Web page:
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Monsters and Monstrosity

COM LIT 9 (4.0 units)Session II

The monster, in all its many forms and contexts, is a powerful cultural tool for the expression of social tensions, a lens for deciphering a society’s greatest hopes and darkest fears. It is a creature that crosses borders and boundaries, a creature of fragments, never behaving exactly as expected, and always returning to trouble our dreams again. Monsters, as cultural artifacts, reflect both the perturbations of an individual mind and the social, political, or economic processes that shape those anxieties. We will be engaging in such questions as: what is a monster? Why are monsters so prevalent in literature, television and film? What can monsters reflect about the people and the societies that they terrorize? Are monsters to be pitied or feared, saved or destroyed? This course concerns the in-depth analysis of literary texts, television series, and films; the analysis that we do will be informed by an interdisciplinary approach to literary and cultural theory, incorporating such interpretive lenses as critical race theory, gender theory, queer theory, disability studies, psychoanalysis, and ecocriticism. The primary texts themselves will range from poetry collections and short stories to popular films and television shows, and the secondary texts, equally diverse, will equip us with the tools necessary for thorough and meaningful engagement. Repeatability: Unlimited as topics vary. (IV, VII)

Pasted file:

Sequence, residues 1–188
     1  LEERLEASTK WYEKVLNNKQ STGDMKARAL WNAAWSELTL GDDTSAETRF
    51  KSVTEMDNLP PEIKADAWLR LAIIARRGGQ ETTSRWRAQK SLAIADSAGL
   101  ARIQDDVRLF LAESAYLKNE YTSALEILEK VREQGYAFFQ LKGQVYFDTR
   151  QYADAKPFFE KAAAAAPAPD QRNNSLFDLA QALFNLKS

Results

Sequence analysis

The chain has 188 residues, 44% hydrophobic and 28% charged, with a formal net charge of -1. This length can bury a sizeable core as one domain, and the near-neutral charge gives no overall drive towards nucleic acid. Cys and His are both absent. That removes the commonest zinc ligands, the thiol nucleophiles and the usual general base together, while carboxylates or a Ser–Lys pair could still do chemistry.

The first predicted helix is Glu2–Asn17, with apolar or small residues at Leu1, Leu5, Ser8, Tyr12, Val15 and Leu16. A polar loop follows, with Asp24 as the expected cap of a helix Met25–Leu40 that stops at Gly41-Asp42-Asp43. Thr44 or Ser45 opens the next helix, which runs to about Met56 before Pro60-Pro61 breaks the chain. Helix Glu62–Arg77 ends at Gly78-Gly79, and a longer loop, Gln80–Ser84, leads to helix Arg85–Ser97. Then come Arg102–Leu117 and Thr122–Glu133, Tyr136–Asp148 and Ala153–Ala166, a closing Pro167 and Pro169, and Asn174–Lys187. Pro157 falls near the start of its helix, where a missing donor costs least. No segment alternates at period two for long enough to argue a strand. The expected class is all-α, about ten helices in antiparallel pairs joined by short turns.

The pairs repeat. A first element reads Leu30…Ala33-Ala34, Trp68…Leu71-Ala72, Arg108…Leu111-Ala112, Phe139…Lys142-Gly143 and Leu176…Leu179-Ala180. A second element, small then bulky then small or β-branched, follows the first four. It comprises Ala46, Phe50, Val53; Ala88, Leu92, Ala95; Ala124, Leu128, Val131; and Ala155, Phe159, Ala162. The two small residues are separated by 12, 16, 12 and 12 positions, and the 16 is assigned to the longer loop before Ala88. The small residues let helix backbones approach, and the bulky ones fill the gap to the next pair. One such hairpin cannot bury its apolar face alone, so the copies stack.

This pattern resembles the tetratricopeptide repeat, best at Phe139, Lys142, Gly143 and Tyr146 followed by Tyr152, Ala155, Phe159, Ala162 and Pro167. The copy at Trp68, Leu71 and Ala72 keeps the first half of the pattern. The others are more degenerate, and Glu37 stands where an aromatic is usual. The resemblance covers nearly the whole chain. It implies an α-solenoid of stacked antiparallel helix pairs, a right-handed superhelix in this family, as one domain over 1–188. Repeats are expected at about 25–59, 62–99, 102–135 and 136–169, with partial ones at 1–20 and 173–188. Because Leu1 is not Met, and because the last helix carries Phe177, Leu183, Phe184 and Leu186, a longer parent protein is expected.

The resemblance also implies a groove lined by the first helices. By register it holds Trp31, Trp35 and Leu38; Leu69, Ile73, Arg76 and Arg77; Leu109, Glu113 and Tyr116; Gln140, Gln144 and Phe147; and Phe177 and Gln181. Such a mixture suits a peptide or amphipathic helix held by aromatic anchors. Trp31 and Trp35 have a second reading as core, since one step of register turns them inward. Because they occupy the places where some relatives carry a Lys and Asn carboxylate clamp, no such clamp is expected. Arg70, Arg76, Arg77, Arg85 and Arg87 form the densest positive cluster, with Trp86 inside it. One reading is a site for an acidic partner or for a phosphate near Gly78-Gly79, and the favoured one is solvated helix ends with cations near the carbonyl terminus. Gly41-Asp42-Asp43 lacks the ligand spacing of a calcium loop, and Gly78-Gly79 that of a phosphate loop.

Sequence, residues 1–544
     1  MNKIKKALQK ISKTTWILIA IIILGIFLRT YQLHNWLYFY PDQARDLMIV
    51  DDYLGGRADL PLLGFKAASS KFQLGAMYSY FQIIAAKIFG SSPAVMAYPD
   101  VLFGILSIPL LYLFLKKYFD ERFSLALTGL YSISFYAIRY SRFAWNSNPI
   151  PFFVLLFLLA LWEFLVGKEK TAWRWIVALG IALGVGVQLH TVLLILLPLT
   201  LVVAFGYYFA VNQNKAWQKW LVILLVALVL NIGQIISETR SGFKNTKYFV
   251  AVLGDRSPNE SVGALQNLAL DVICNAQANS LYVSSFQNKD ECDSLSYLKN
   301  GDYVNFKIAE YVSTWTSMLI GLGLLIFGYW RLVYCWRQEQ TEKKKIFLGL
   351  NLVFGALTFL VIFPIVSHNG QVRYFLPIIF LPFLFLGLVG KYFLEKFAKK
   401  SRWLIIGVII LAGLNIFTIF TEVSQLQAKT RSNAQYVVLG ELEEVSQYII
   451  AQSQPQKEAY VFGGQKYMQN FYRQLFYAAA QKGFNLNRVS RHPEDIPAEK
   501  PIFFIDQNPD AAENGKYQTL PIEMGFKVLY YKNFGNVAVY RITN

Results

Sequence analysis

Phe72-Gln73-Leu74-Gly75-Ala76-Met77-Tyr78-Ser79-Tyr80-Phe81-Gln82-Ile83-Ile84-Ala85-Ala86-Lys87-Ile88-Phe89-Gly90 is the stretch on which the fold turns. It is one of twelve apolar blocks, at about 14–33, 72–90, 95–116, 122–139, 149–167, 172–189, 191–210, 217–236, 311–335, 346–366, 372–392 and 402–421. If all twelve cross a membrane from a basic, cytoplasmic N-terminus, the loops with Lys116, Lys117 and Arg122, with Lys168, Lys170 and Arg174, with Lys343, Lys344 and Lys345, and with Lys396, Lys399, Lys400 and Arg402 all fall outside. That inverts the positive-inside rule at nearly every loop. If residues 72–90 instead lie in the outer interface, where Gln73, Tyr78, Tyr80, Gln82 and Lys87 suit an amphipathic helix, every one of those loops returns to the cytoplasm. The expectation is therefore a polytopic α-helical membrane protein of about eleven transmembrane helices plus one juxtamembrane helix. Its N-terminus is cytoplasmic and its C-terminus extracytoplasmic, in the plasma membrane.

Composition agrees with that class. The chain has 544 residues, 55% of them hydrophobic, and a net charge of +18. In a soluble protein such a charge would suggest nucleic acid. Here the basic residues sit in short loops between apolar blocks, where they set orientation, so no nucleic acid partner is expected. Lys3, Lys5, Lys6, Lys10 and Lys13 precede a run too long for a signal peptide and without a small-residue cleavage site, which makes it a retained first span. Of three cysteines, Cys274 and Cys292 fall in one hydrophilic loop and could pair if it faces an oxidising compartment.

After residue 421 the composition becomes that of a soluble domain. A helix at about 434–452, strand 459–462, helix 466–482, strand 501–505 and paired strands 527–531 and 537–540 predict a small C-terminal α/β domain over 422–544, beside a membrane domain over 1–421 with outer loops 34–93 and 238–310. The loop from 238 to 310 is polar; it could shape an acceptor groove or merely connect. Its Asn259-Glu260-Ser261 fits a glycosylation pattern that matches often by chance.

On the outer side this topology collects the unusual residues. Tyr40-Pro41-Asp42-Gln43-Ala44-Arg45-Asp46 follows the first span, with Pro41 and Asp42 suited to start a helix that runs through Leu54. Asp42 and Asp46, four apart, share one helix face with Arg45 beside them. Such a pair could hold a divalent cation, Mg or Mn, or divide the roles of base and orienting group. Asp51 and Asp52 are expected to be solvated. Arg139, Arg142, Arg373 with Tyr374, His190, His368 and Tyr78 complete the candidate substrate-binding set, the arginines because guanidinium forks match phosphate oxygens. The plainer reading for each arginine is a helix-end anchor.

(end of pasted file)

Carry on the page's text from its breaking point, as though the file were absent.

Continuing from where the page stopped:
Instructor(s) Alfailakawi, D.
Schedule MW 1:00 - 3:50pm, Intercollegiate Athletics Building 131
Units 4.0
Course Code 22710
Fees
UC Undergraduate (per unit) $ 279.00
UC Graduate (per unit) $ 349.00
Visitor (per unit) $ 349.00
Note(s) None